Unpopular and Underperforming Funds? – Strange Decisions
This quarter marked the first phase of the implementation of the Fiduciary Rule. This will have far reaching effects on the profitability of the brokerage and insurance industries. As a result, they have been tweaking their fees, product offerings and incentives structures.
In May, Morgan Stanley followed Merrill Lynch in dropping Vanguard Funds from their platform. This means that brokers (“financial advisors”) from the two largest brokerage firms will be prohibited from buying mutual funds for their clients from the largest mutual fund complex. What’s going on? According to Christine Jockle, spokeswoman for Morgan Stanley, their goal was to remove under-performing and less popular funds. Really? As the largest fund complex it would be hard to claim that they are unpopular. Further, placing 14th out of 61 fund complexes in Barron’s 2016 Fund Family rankings (top quartile), they are hardly under-performing.
In an interview on CNBC, Bill McNabb, CEO of Vanguard, explained that they refused to pay Morgan Stanley to be on their platform. In these “pay to play” business models, the wirehouses collect huge fees from mutual fund complexes to pad their profits. With the Fiduciary Rule becoming effective, wirehouses need to eliminate the recalcitrant firms. McNabb added that most other advice firms (including Schwab) don’t require payment for being on their platform. At Schwab, the custodian of your assets, there is a trading fee of $15 for lower cost mutual funds such as Vanguard. These “pay to play” fees should raise conflict of interest concerns among investors.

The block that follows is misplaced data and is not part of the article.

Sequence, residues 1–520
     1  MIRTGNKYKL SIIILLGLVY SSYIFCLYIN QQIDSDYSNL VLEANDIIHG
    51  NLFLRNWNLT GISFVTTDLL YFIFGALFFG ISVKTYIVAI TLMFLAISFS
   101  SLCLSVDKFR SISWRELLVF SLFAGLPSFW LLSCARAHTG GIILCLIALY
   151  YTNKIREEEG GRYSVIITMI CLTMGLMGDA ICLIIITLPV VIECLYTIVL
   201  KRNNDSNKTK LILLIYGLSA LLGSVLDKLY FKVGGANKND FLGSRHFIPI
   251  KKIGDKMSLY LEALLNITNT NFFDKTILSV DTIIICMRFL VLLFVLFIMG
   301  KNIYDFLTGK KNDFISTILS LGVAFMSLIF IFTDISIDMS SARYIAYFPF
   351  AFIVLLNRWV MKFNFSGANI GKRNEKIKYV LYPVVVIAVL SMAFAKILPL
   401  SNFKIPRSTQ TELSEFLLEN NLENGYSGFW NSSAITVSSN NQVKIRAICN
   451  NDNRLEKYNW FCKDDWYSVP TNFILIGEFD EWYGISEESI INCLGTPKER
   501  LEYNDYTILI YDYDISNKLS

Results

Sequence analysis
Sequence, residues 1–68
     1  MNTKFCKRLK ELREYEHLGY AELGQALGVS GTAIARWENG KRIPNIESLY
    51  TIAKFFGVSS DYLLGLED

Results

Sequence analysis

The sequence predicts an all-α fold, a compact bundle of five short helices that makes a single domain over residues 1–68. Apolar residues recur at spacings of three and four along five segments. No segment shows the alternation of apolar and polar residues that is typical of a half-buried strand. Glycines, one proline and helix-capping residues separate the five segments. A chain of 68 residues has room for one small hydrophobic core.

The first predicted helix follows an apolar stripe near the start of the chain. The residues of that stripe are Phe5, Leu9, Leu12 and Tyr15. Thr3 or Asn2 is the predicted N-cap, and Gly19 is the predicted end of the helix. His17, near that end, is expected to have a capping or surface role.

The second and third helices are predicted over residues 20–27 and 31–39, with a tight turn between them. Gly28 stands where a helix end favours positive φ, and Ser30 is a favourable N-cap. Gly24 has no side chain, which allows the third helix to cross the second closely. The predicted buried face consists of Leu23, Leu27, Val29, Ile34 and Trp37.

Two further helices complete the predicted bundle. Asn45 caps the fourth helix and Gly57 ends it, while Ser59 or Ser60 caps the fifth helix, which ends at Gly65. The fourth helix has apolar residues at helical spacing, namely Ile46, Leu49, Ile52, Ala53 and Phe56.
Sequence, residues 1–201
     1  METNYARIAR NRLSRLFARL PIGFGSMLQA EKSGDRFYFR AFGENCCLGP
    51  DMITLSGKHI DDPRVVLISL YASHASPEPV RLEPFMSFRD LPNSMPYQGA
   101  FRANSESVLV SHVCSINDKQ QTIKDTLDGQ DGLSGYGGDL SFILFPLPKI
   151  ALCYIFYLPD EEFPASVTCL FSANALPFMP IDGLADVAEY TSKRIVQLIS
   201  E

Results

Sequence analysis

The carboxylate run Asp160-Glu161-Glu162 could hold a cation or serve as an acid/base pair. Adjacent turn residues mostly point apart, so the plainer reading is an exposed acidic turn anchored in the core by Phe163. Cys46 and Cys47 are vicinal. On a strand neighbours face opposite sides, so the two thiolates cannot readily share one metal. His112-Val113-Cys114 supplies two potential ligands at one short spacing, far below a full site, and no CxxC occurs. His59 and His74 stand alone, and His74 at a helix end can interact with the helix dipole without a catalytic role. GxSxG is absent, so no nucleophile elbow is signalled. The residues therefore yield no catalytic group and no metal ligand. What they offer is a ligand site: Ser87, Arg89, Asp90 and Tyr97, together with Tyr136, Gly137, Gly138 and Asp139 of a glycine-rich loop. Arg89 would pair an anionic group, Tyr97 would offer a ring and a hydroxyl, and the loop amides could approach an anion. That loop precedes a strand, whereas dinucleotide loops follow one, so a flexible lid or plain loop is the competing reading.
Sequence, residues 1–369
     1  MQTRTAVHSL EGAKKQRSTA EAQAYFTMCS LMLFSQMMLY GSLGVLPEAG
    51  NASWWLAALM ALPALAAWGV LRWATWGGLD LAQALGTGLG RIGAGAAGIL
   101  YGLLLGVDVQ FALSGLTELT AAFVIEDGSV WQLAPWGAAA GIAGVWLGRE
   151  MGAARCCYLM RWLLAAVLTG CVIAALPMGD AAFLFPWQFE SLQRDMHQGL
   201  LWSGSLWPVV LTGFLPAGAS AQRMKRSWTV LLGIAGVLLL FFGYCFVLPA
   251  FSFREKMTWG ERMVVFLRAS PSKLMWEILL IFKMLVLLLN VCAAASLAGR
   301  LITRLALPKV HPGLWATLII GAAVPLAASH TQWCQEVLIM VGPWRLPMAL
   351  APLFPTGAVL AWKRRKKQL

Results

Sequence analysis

Additionally, the Wall Street Journal reports that Morgan Stanley is considering the introduction of disincentives for its brokers to continue holding Vanguard Funds that were purchased before the moratorium. How? Through the payout grid that wirehouses use, they can significantly influence what a broker (“financial advisor”) holds for their clients.
Finally, the WSJ also reported that Morgan Stanley had created incentives to push banking products, particularly mortgages, through its “advisors”. Last October, Bloomberg ran an article about how the Massachusetts Securities Division was initiating a complaint concerning Morgan Stanley’s mortgage sales tactics in the New England area.
Remember, the new Fiduciary Rule, as it applies to broker and insurance agents (“financial advisors”), only governs retirement accounts not taxable accounts. Registered Investment Advisors, such as Shoreline Financial Advisors, have always been subject to fiduciary standards.